However it seemed he had nothing to fear at all for barely an hour into the festivities, whereas I was surreptitiously eyeing the crowd for a likely suspect, flitting from conversation to conversation to glean one ounce of useful information while putting some of my best acting skills at work to convince those around me I was entirely bored with their excruciating dullness, Watson made his way through the room not with the ease of a born actor like me, but someone who was readily accepted and immediately liked by those around him. Whenever I deigned to check on him, he was never without company, talking, laughing and engaging in a whole manner of things that I was quite sure was not furthering our investigation, though I let it alone as Watson was not a natural investigator, unable to recognize the parts without the strings that attached them together.
It irked me nonetheless, especially when I had desired to discuss my preliminary findings with him, only to discover him by the piano listening to one of the ladies play Beethoven's Moonlight Sonata. Watson was listening with all the attentiveness he normally paid during my performances, meaning he was unlikely to pay me any heed even if I did approach him, which was profoundly vexing since the lady's performance was appallingly mediocre. If he was going to ignore me, it could at least be for a worthy pianist. I have discovered that Watson, although possessing no musical abilities himself, has a profound spiritual appreciation for it, which obviously allows him to overlook the noticeable absence of the piece's difficult third movement. Nor could I see how he could be truly be paying attention to the performance when he was attending to another woman who had her arm about his as they stood by the seat of the grand.
I decided to focus my attention on five of those I suspected most as culprits, which also allowed me to keep a better eye on Watson. When the lady had finished on the piano, Watson was then set upon by several others to take to the floor. The Doctor proved to be quite an accomplished dancer. He treated his partners like they were the most delicate flower, gentle but firm as he led them through the various turns and twists of the dance, his naturally masculine form leading the softer graces of his feminine partners of which he was never in wanting for. It seemed like he could not even make it halfway through a dance before attracting another to his side and although he soon gave up one for another, each of his partners bestowed him with a glowing smile.
I had never before seen Watson this way before and it was then that I suddenly realized that I had never seen Watson so well before either. This was the first major social event he had attended since regaining his health. Indeed, his limp, which only now became profound in exceptionally foul weather, was nowhere to be seen as he glided along the dance floor.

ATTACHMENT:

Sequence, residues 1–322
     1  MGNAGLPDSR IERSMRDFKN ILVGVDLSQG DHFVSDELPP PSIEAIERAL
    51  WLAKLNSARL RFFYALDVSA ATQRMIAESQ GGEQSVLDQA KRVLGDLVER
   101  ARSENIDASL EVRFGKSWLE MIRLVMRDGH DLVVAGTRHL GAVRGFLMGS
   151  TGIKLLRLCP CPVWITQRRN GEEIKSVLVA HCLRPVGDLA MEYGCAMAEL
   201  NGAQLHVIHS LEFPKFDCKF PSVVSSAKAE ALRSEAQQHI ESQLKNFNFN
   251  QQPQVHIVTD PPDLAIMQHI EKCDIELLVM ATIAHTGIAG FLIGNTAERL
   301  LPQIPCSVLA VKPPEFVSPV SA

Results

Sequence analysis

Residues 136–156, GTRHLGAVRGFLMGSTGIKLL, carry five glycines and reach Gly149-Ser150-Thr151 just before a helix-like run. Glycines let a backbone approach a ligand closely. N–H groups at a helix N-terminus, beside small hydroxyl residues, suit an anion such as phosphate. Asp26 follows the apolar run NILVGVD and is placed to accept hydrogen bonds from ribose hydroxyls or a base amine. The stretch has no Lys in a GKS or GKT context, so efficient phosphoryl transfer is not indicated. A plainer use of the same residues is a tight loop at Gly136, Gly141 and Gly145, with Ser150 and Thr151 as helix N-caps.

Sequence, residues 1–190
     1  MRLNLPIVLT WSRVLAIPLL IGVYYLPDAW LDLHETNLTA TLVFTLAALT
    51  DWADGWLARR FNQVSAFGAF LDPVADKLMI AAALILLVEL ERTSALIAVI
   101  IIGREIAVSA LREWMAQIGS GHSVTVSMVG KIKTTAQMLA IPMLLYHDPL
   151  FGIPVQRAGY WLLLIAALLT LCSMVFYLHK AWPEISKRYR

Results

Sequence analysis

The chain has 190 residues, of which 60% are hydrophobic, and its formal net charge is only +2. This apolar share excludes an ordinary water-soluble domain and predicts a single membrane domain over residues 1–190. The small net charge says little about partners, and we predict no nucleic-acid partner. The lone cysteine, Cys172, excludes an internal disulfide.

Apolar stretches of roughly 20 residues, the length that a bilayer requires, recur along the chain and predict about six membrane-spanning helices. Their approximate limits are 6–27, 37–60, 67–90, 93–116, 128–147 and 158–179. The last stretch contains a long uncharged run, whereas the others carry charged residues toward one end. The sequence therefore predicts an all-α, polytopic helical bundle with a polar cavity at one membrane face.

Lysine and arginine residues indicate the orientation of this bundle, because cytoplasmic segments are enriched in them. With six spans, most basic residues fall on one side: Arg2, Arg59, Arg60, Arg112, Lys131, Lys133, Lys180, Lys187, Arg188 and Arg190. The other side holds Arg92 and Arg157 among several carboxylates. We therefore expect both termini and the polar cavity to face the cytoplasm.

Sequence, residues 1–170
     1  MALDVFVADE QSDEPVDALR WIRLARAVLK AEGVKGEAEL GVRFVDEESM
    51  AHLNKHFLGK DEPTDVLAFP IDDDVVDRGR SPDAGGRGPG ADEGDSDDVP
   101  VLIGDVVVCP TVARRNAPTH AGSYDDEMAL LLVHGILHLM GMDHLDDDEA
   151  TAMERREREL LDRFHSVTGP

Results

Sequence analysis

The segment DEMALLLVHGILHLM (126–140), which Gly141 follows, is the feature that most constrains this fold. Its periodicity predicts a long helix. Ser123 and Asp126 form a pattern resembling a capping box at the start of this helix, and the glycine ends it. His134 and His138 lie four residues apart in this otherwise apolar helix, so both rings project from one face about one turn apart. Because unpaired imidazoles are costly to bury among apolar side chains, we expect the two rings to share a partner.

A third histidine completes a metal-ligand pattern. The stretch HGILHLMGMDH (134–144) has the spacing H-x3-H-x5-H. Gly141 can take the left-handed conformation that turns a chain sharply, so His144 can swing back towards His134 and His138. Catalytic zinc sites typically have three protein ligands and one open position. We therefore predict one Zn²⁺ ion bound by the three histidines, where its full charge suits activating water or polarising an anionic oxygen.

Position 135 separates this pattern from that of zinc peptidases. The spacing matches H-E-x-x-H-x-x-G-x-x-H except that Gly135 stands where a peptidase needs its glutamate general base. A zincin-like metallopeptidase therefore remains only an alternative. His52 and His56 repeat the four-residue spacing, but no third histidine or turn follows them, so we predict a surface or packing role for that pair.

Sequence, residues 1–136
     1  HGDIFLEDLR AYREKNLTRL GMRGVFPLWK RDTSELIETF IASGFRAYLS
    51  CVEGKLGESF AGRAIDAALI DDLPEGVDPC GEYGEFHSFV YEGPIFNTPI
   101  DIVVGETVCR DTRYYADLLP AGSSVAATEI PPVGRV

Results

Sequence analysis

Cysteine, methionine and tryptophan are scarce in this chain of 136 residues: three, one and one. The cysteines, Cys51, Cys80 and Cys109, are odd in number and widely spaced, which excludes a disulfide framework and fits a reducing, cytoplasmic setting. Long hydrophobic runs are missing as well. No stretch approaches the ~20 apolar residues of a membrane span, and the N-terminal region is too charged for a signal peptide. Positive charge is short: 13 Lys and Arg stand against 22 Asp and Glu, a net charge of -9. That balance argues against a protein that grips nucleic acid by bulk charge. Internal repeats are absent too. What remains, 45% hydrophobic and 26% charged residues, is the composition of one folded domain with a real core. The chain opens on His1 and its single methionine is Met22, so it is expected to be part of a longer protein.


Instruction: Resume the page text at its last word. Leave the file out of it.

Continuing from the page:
Despite my musings on my fellow lodger, I was still devoting the majority of my brain power in determining the killer who was still at large, very possibly in this same room. I still only suspected, but it was the intimate bare touch of his hand against hers that confirmed my theory. The under butler, an upright rather sturdy young man around my own age tenderly pulled Miss Kelley aside and offered to polish her silver tiara, has hands already bare as he reached into his pockets to remove a small bottle of silver polish. I had a flash of insight, remembering that of all the hired help Miss Kelley had referred to that under butler by his full name and that I had found splashes of ammonia present around Evan's body, most likely to clean or disinfect the blood from the killer's knife or hands, ammonia that would be in a household recipe for silver polish, a bottle of which was currently being held in the under butler's hand, unlabelled, meaning it was an original mix. I had my man.
I hurriedly made my way to where Watson was still dancing, not caring if other couples had to waltz out of my way to avoid collision, the heat of the chase thrumming in my very blood.
"Watson, come along now. This investigation is about to reach a stunning end!" I said excitedly, already practically bouncing on my feet to give chase.
Watson, for his part, blinked in mild confusion before reluctantly pulling away from his partner. "Ah, I see. Do you require me then for the conclusion of the case?"
Require, I repeated in my head incredulously. No, I did not strictly require him to be present, but I would have thought—it was our investigation, after all! I naturally thought that he would want to also be present at its conclusion. He had helped to solve it, had willing come along with me from the start.